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Community / Land projects / Integrated Landscape Management for a zero-deforestation coffee and rice value chains in the Central South and

Integrated Landscape Management for a zero-deforestation coffee and rice value chains in the Central South and


12/22 - 12/22


This project is part of


Promote sustainable food systems that are deforestation-free and support the conservation of biodiversity and the provision of ecosystem services, with a focus on rice and coffee in landscapes of the Central-South and Eastern coast of Madagascar


Note: Disbursement data provided is cumulative and covers disbursement made by the project Agency.

Target Groups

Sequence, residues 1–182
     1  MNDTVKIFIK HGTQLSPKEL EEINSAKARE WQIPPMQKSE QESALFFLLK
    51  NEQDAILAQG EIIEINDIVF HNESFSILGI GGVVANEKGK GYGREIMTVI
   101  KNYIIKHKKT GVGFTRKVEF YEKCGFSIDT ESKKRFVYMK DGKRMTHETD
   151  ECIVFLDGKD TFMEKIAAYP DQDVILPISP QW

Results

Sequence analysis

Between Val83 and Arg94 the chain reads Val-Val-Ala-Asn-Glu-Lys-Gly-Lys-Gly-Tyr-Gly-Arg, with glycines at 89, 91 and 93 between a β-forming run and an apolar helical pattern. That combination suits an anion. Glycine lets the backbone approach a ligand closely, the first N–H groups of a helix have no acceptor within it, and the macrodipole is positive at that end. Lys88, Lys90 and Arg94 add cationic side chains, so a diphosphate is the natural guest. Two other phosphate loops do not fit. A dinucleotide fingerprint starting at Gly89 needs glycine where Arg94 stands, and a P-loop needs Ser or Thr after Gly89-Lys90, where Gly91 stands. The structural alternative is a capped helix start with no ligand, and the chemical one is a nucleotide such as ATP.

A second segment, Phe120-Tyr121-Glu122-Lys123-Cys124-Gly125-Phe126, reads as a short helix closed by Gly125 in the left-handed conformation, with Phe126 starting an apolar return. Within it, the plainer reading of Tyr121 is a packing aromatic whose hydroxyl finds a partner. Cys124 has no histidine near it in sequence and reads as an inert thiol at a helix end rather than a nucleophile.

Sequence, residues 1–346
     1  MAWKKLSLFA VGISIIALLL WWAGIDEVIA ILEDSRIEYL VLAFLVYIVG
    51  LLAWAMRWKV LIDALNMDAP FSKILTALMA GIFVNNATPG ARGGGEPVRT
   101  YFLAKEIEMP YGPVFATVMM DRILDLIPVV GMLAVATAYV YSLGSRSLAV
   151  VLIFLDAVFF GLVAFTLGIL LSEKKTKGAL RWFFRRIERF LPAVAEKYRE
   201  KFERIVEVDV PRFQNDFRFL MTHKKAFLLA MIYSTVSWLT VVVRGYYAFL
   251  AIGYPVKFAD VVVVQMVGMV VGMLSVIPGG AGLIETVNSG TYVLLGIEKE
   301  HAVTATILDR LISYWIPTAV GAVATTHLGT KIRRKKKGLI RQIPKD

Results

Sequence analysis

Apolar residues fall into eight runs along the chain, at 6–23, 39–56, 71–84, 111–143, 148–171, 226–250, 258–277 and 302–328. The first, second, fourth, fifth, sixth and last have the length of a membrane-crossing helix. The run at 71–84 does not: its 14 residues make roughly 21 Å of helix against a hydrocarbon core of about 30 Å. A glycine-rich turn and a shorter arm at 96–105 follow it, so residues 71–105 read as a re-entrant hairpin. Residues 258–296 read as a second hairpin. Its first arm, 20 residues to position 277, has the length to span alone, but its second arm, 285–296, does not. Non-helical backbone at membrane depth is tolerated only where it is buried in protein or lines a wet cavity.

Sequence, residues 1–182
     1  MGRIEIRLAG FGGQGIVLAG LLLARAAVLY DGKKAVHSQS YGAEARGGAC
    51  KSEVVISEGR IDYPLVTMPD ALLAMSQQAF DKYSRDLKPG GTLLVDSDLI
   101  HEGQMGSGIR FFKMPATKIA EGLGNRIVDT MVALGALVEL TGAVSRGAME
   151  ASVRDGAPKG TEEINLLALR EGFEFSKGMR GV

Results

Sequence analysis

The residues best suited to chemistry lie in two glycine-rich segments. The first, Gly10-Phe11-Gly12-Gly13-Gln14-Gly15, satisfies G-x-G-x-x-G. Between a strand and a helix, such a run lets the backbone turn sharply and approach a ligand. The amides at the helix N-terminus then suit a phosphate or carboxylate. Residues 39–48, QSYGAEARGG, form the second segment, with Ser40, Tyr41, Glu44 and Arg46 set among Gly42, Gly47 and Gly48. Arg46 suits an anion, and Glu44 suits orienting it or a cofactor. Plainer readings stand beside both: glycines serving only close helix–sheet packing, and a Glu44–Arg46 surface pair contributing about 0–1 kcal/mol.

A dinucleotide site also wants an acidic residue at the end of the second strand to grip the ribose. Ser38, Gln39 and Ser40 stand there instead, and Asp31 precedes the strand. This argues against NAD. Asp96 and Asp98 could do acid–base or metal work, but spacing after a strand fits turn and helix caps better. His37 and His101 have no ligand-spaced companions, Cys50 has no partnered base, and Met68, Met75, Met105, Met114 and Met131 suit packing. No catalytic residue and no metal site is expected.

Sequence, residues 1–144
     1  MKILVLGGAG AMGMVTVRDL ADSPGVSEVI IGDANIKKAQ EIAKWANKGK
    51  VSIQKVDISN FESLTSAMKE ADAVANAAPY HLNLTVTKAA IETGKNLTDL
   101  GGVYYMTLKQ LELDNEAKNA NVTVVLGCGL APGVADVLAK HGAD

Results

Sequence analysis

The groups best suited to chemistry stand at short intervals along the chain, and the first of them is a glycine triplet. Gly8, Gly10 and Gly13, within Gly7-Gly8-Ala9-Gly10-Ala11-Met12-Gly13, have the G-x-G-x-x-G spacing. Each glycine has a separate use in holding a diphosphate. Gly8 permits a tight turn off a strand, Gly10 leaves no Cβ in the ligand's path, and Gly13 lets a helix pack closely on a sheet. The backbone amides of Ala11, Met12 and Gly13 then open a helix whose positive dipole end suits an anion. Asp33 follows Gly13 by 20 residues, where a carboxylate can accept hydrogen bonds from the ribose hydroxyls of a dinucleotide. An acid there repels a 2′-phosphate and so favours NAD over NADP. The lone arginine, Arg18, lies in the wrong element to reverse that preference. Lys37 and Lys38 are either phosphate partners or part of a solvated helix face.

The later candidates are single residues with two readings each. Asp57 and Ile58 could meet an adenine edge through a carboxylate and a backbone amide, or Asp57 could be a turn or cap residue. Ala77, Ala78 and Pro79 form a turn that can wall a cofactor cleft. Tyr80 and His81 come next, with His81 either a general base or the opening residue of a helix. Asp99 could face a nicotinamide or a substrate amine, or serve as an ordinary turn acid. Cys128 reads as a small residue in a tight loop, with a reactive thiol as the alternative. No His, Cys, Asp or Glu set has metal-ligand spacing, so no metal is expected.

The project will help deliver the following global socio-economic benefits: GEF 7 Core Indicator Target Expected contribution of the GEF project Direct beneficiaries (disaggregated by gender) benefit of GEF investments. 80,000 members (50% women and 50% men) of rural communities in the target landscapes (disaggregated by gender) directly benefitting of project interventions. ? 5,000 coffee producers trained and equipped with sustainable shade coffee intercropping technologies and inputs. ? 25,000 rice/legume producers trained and equipped with SRI/SRA/CA technologies and inputs. ? 280 public and private extension providers in the target landscapes trained to provide continuous training and technical support to farm and forest producers and producer organizations, cooperatives and SME.The project will support all trained trainers in the search for mechanisms enhancing the economic sustainability and institutionalization of their services beyond the life of the project, such as the creation of cooperatives or associations of training providers (in this case in the private sector) whose work can be covered by small fees of FFS/FBS/FFBI participants. ? 300 staff of community-based nurseries and seedbanks trained and equipped to produce high-quality seeds, seedlings and cuttings. The project will provide a business-oriented nursery/seedbank development approach, so that small local businesses become economically sustainable through the commercialization of the plants and the planting services. ? 70 coffee production, processing and marketing organizations, cooperatives and SME (involving around 3,500 members) are trained and equipped to operate as social/environmental responsible business, increase the quantity and quality of their products, and access domestic and international ethical/organic markets. ? 32 community-based COBA/RAG organizations (involving around 1,600 users) active in firewood/NTFP production, harvesting and marketing are trained and equipped to operate as social/environmental responsible business, increase the quantity and quality of their products, and access domestic and international ethical/organic markets. ? The staff of the FOFIFA Kianjavato Research Centre are trained and equipped to improve the conservation and management of genetic resources of wild/commercialized Coffea species and varieties and other targeted agriculture crop species and varieties, and increase the production of seeds and seedlings accessible to PA managers, decentralized forest services, COBA, RAG and forest and farm producers in the target landscapes. ? Two PhD students will develop research to improve knowledge about the conservation status and genetic diversity of wild Coffea species with the objective to improve conservation/restoration of natural habitats and develop climate-adaptive, and economically beneficial commercial hybrids. ? Around 600 VC actors (cooperatives, equipment/input suppliers, wholesalers, retailers, hotels, restaurants, tour operators, exporters, end-market buyers) have increased their knowledge about VC functioning, actors and linkages, their commercial collaborations, and access to ethic/green certification market segments. ? Around 60,000 people will benefit from the policy development and resposnsible tenure governance improvements leading to SNRM, BD conservation, forest/land restoration, and SVC development. The Global socio-economic benefits are based following on the following considerations: ? Forest restoration and adaptive forest management: It is estimated that during the project lifetime the members of the 32 COBAs and RAGs (about 1,600 members in total) with management transfer rights in designated forest areas in/around protected areas in the target landscapes will benefit of continuous ER and FFBI learning and technical support, and procurement investments, resulting in 5,000 ha of restored natural forests, and 5,000 ha of restored agroforestry systems under responsible tenure governance. The forest users that throughout the process have acquired a greater organizational capacity and have sustainably intensified production of the project's target commodities (e.g. firewood/charcoal, bee products, wild silk, basketry, and other prioritized NTFP during project implementation), will be supported to improve their organizational and social/environmental responsible business capacity to intensify/diversify the production of high-quality products, to enhance access to ethical/green certification market segments, and develop contract farming agreements with domestic and international buyer companies operating in these markets and the eco-tourism sector. The project will target women and men in equal proportion of 50 percent. ? Sustainable intensification of coffee agroforestry and diversified rice production systems: It is estimated that during the project lifetime approx. 35,000 women and men smallholder farmers and forest users will directly and indirectly benefit of continuous FFS/FBS/FFBI learning and coaching, and procurement investments in the target landscapes, resulting in 5,000 ha of sustainably intensified shade coffee intercropping plantations, 20,000 ha of sustainably intensified rice/legume diversified production systems under SRI/SRA/CA, and 10,000 of degraded forest and agroforestry land restored. The project will enhance the organizational and business development (with social/environmental corporate responsibility) capacity of the targeted coffee and rice producer organizations, cooperatives and SME, so that they can access to ethical/green certification market segments, and develop contract farming agreements with domestic and international buyer companies operating in these markets. The project will target women and men in equal proportion of 50 percent. ? Increased skills and knowhow on ER/SLM/SFM/GVC: Approximately 35,000 community members will have acquired good knowledge and skills on ER/SLM/SFM/GVC. About 280 extension providers from the public deconcentrated agriculture/forest technical services, NGOs, COBA/RAG, private organizations and women/men lead farmers and forest users will be qualified as lead trainers and facilitators on ER/SLM/SFM/GVC development, therefore increasing their employment opportunities during project implementation and beyond. ? Micro, small and medium enterprise development around ethic/green VC commodities: The project will support approximately 5,000 farm and forest producers to become members of environmentally sound, social beneficial and economically viable POs, cooperatives and/or SME, through training, technical and financial support to operate according to ethical employment standards and healthy/quality/certification standards, and to adopt innovative production/processing/marketing technologies that allow an increase and diversification of high quality production complying with national/international certification standards. Local businesses around GVC commodities will include: (i) community nurseries and seedbanks for the production and marketing of high-quality plant material (seeds, seedlings and cuttings) and the provision of services to customers on the use of plant material in ER/SLM/SFM implementation; (ii) COBA/RAG community organizations for the production and marketing of firewood/charcoal and NTFPs (ecotourism); (iii) POs, cooperatives and SME for the production and marketing of high-quality products from coffee, fruits, rice, legumes, and other complementary crops. The project will target a minimum of 1/3 of women among beneficiaries. ? In terms of access to international market segments around ethic/organic certification, the project PPP contract farming agreements between landscape coffee producers and processors and international buyers (mainly SFCC members involved in ethic/green/specialty coffee products) will help increase the country’s current coffee export records by 10 % by project’s closure (from around 2 300 MT as average over the last 5 years[1] to about 2 500 MT in Y5). In the same way, no less than 30% of supplies originating from the project and traded on the domestic market will carry, by project’s end (Y5), a certification logo that producers will obtain after compliance with the introduced Participatory Guarantee Schemes’ (PGS) practices/dictates. ? At least 50% of targeted farmers and forest users will double their income by the end of the project, thanks to the sustainable intensification and production diversification interventions. ? Adaptive capacity of smallholder farmers and forest users: The project will enhance the adaptive capacity of women and men smallholder farmers and forest users, addressing the gender-specific adaptation needs. The project will enhance farmer’s resilience and adaptation capacity in the following way: (i) reduce the impact of climate shocks on smallholder farmers through the promotion of infrastructures, equipment and management practices that help compensate the effect of drought and flood events through improved soil water conservation (SRI/SRA/CA and agroforestry management systems; water harvesting/storage infrastructures/equipment, less water demanding crop varieties); (ii) diversify livelihoods (food and economic security) with reduced risk of total production loss due to extreme climate events, involving the sustainable intensification of shade coffee intercropping (mix production of coffee, fruits, tuber roots and vegetables) and the diversification of rice/legume farm intercropping/rotation and tree-crop-livestock systems (e.g. rice, legumes, fruits, small livestock, home gardens); (iii) increase the capacity of producer organizations to preserve and process their products reducing their perishability increasing their capacity to negotiate in the market over a longer period of time without depending on the seasonality of the raw product; (iv) increase the capacity to produce high quality ethic/green products with greater potential to access new and more stable growing market segments (e.g. organic and fair trade) and increase revenue that allow smallholder farmers to cover needs in times of shocks. Target 1.B in MDG 1 (“Eradicate extreme poverty and hunger”) highlights the central role of employment and decent work in achieving food security and poverty reduction, therefore allowing women and men in rural communities to have access to the knowledge and resources necessary to produce sustainably and thereby contributing to the SDG target 15.3 on LDN and to AFR100 (National FLR Strategy). The project formulation has followed the Guidance on How to Address Decent Rural Employment Concerns in FAO Country Activities to make sure that decent rural employment is promoted in the project outcomes and outputs: Table. The Four Pillars of Decent Rural Employment (DRE) in the project Pillar 1: Employment creation and enterprise development ? Component 1will address explicitly policies, regulations and bylaws supporting zero-deforestation and BD conservation in the implementation of ER/SLM/SFM/GVC development. ? The training-of-trainers (ToT) under Outcome 2.1 and Outcome 3.1 will increase the professionalization of members of practitioners on ER/SLM/SFM/ethic & green VC related-jobs. ? The FFS/FBS/FFBI learning programmes under Outcomes 2.1 and 3.1 will provide vocational and education training for rural women and men on technical and business skills, which will increase their chances of finding jobs and establishing small local enterprises. ? Outcomes 2.1 and 3.1 will build the capacity of women and men small-holder producers in accessing markets and become active in ethic/green VC and certification market segments. ? Component 4 will develop national and sub-national capacities to collect and analyze age and sex disaggregated data on rural labour linked to ILMP interventions. Pillar 2: Social protection ? Learning programmes under Outcome 2.1 and Outcome 3.1 will train practitioners on occupational safety and health measures for the rural workforce applying ER/SLM/SFM/GVC technologies. ? Producer organizations, enterprises and buyer companies supported by PPP inclusive agribusiness agreements and VC platforms under Component 3 will enhance their social corporate responsibility. ? Procurement investments in each district will include social support for emergency or distress situations, targeting community needs beyond the ER/SLM/SFM/GVC priorities. The provision of this support indirectly delivers ER/SLM/SFM/GVC because it helps remove social barriers that may prevent community members to invest in and apply responsible tenure governance of SNRM. Pillar 3: Standards and rights at work ? Community bylaw formulation, fair access to training, extension and investments on ER/SLM/SFM/GVC technologies, infrastructure, equipment and inputs will help reduce gender and age-based discrimination in the target landscapes. ? The project will ensure compliance with the National Labour Legislation, that has ratified all key international conventions concerning child labour. the Project will collaborate with governmental inspectors, UNICEF and ILO to carry out targeted child labour inspections in the three target landscapes, with the active involvement of local leaders, and representatives from church, government, NGOs, employers’ and workers’ organizations. Pillar 4: Governance and social dialogue ? Component 1 will ensure representation of the rural poor in policy dialogue through awareness raising, training and bylaw formulation on gender-inclusive land tenure and natural resource governance issues. ? The project will ensure in Component 1 fair, and effective participation of the rural poor in the planning, implementation and monitoring of the ILMP/PIA and COBA/RAG plans. ? Components 2 and 3 will put especial focus on capacity enhancement activities for women and youth groups to empower them in ER/SLM/SFM/GVC. [1] See Table 1.3 of Section 1 of this report.